29. Having Reasons and the Factoring Account.Errol Lord - 2010 - Philosophical Studies 149 (3):283 - 296.
    It’s natural to say that when it’s rational for me to φ, I have reasons to φ. That is, there are reasons for φ-ing, and moreover, I have some of them. Mark Schroeder calls this view The Factoring Account of the having reasons relation. He thinks The Factoring Account is false. In this paper, I defend The Factoring Account. Not only do I provide intuitive support for the view, but I also defend it against Schroeder’s criticisms. Moreover, I show that (...)
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  30. From Independence to Conciliationism: An Obituary.Errol Lord - 2013 - Australasian Journal of Philosophy (2):1-13.
    Australasian Journal of Philosophy, Volume 92, Issue 2, Page 365-377, June 2014.
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  31. The Importance of Being Rational.Errol Lord - 2013 - Dissertation, Princeton University
    My dissertation is a systematic defense of the claim that what it is to be rational is to correctly respond to the reasons you possess. The dissertation is split into two parts, each consisting of three chapters. In Part I--Coherence, Possession, and Correctly Responding--I argue that my view has important advantages over popular views in metaethics that tie rationality to coherence (ch. 2), defend a novel view of what it is to possess a reason (ch. 3), and defend a novel (...)
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  32. The Real Symmetry Problem(s) for Wide-Scope Accounts of Rationality.Errol Lord - 2013 - Philosophical Studies (3):1-22.
    You are irrational when you are akratic. On this point most agree. Despite this agreement, there is a tremendous amount of disagreement about what the correct explanation of this data is. Narrow-scopers think that the correct explanation is that you are violating a narrow-scope conditional requirement. You lack an intention to x that you are required to have given the fact that you believe you ought to x. Wide-scopers disagree. They think that a conditional you are required to make true (...)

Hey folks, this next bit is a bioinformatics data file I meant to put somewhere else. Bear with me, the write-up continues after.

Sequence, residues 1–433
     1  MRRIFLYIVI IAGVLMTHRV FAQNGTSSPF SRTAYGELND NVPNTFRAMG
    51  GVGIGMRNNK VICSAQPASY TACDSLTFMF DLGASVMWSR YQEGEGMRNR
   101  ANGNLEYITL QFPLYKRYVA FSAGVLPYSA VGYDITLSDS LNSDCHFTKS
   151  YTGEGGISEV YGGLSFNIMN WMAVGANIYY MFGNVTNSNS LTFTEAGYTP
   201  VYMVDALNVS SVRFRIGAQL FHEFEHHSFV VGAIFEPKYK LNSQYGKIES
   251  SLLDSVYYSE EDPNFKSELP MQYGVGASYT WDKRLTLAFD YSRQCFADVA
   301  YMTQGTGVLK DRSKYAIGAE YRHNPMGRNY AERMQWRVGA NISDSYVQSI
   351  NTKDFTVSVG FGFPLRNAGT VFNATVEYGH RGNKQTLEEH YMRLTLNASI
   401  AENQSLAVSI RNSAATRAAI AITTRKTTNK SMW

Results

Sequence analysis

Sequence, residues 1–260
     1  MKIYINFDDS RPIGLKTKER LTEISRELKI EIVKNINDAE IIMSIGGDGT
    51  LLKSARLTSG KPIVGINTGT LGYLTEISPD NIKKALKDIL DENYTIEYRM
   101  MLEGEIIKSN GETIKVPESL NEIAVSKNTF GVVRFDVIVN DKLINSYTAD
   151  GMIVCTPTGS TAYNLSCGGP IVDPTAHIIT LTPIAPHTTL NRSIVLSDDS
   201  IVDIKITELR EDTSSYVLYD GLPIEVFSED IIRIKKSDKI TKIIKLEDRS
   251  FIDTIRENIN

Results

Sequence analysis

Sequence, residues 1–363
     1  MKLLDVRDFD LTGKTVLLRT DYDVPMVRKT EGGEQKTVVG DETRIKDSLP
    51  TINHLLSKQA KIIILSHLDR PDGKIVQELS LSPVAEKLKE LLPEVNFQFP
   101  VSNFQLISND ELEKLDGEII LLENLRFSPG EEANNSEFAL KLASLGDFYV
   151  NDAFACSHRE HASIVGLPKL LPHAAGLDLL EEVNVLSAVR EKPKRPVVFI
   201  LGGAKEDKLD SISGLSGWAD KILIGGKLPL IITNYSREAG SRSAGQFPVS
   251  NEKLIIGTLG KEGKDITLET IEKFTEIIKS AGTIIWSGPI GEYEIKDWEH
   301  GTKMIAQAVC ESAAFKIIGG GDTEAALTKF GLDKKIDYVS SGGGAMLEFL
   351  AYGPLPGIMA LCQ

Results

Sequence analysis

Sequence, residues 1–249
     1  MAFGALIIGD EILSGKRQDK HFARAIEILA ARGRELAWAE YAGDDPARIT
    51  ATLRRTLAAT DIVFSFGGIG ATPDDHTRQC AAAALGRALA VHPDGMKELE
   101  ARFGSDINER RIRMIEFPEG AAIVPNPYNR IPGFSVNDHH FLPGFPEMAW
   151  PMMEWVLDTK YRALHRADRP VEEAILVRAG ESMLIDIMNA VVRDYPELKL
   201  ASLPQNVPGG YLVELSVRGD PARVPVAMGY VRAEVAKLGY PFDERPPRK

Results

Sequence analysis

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  33. Dancy on Acting for the Right Reason.Errol Lord - 2007 - Journal of Ethics and Social Philosophy (3):1-7.
    It is a truism that agents can do the right action for the right reason. To put the point in terms more familiar to ethicists, it is a truism that one’s motivating reason can be one’s normative reason. In this short note, I will argue that Jonathan Dancy’s preferred view about how this is possible faces a dilemma. Dancy has the choice between accounting for two plausible constraints while at the same time holding an outlandish philosophy of mind by his (...)
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  34. Violating Requirements, Exiting From Requirements, and the Scope of Rationality.Errol Lord - 2011 - Philosophical Quarterly 61 (243):392-399.
    It is generally agreed that many types of attitudinal incoherence are irrational, but there is controversy about why they are. Some think incoherence is irrational because it violates certain wide-scope conditional requirements, others (‘narrow-scopers’) that it violates narrow-scope conditional requirements. In his paper ‘The Scope of Rational Requirements’, John Brunero has offered a putative counter-example to narrow-scope views. But a narrow-scoper should reject a crucial assumption which Brunero makes, namely, the claim that we always violate conditional narrow-scope requirements when we (...)
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  35. Kant and Spinozism: Transcendental Idealism and Immanence From Jacobi to Deleuze.Beth Lord - 2011 - Palgrave-Macmillan.
  36. Epistemic Reasons, Evidence, and Defeaters.Errol Lord - forthcoming - In Daniel Star (ed.), The Oxford Handbook of Reasons and Normativity. Oxford University Press.